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Michigan State Spartans Football: Nebraska Five Factors

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We can draw some conclusions, now

Steven Branscombe-USA TODAY Sports

Sigh (big box score):

And in graphical form:

[As always, this data is sack-adjusted. Check out Bill Connelly's Five Factors here. Nebraska's kneeldown to end the first half has been removed.]

Pace Issues (And not in the Macgarrett Kings sense)

I'm not sure what the coaching staff could do about this one, but after a blistering start to the game, the pace slowed considerably in the second half; MSU had 7 drives in the first half compared to 5 in the second half. It's always hard to argue with a nearly-nine minute drive like MSU had to dry up the majority of the fourth quarter and take a two-touchdown lead. Overall, If your team is (likely) better than your opponent, you want to have more drives to exert that advantage. This MSU team, on the season, has played slowly and that has caused game to be closer than necessary. It finally bit them.

This is nicely crystallized in the second-to-last drive of the game for MSU. Instead of attempting a pass to get the game-clinching first down, MSU ran the ball three times for -3 yards and burned all of 55 seconds from the game clock. Why not run normal offense in that situation? If you stop the clock with an incompletion, you may end up with more time at the end of the game to get a field goal. If you get the first down, the game is over. I don't understand the conservatism.

The Defense Is Bad

I've tried to fight this conclusion for awhile, but there's no avoiding it. Giving up 7.2 yards per play to Nebraska is terrible, and it was bad on both the ground and through the air. Yes, injuries have been devastating to this group, from Ed Davis to Vayante Copeland to R.J. Williamson; no, that's really no consolation. The good news is that theoretically there will be a highly experienced defensive backs group in a year or two *waves tiny flag*.But total yardage and total points allowed stats will hide the true nature of this defense, because MSU has been playing such a slow pace all season.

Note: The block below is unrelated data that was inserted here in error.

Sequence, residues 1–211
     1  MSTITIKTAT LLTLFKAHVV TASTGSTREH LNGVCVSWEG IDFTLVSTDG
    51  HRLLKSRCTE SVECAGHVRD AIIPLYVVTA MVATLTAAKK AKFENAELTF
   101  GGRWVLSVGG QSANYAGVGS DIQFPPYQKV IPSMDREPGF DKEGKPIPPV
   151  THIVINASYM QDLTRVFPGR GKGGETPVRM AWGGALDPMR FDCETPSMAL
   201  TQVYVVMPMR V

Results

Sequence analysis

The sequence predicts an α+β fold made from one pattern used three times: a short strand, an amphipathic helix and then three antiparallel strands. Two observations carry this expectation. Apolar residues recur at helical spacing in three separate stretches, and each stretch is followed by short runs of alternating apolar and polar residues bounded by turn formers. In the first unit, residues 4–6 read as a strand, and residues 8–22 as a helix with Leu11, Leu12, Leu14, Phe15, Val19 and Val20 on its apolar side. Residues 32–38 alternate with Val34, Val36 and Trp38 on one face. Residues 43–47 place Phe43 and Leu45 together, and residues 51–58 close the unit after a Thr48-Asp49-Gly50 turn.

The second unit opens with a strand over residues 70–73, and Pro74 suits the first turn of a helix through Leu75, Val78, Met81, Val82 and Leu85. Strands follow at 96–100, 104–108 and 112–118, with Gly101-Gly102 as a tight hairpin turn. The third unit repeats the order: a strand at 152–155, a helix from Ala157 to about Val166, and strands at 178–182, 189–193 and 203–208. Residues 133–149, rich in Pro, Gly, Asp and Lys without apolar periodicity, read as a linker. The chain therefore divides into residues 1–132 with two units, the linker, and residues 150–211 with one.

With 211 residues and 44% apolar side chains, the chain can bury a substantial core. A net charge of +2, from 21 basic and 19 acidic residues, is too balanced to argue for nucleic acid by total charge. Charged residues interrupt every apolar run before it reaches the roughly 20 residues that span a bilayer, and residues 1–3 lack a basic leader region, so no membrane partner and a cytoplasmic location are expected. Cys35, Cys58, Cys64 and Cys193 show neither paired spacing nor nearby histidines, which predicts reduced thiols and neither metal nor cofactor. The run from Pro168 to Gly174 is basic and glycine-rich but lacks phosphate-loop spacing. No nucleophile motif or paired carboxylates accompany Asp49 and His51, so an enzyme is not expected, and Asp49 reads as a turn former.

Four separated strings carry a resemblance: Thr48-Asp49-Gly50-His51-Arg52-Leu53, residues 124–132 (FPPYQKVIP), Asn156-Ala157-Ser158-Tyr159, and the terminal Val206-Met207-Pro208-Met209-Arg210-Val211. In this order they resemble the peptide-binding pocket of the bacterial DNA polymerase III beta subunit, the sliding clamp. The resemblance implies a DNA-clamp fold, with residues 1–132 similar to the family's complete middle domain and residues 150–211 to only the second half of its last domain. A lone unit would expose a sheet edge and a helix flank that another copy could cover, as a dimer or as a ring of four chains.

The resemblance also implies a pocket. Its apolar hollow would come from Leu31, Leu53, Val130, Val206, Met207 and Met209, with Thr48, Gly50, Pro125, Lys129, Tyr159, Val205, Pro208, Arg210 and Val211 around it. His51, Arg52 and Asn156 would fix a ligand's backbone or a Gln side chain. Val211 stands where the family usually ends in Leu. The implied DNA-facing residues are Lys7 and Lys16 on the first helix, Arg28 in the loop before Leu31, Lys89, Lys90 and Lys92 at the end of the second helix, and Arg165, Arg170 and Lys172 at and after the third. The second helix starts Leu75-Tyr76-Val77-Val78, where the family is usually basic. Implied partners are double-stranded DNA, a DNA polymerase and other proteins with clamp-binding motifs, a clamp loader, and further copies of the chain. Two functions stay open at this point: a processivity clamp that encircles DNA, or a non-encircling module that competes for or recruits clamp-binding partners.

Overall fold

But Not as Bad as Special Teams

I would say that the kickoffs issue is unbelievable, but given this season it is totally believable. Given the efficiency of this offense, it is absolutely wild that this team could end up at such a field position disadvantage, but that was managed. Michael Geiger hit his lone field goal attempt, and Jake Hartbarger was generally solid on the day. Despite these positives, special teams gave short field after short field to Nebraska, who (to their credit) capitalized. If you play a slow pace, then you've probably got to be halfway decent at special teams; it is amazing this hadn't bitten us yet.

The Upshot

Look, this MSU team probably had some red flags that I had been ignoring up to this point, and they came to a head in this game. But the season isn't yet over, theoretically.

After some #chaos got avoided in the afternoon slate of games (like FSU/Clemson or even IU/Iowa) it isn't hard to envision a scenario in which a 1-loss B1G champion gets into the playoff. The harder thing to envision in this scenario is beating Ohio State in Columbus. That's probably not happening with three true freshmen and a converted wide receiver playing significant time in the defensive backfield.

That sucks. And it sucks not only because of this year, but because the future is a little cloudy without Connor Cook or Aaron Burbridge. You can count on MSU to be competitive until proven otherwise, but 2015 seemed like it was set up to be The Year.

Will it ever be The Year?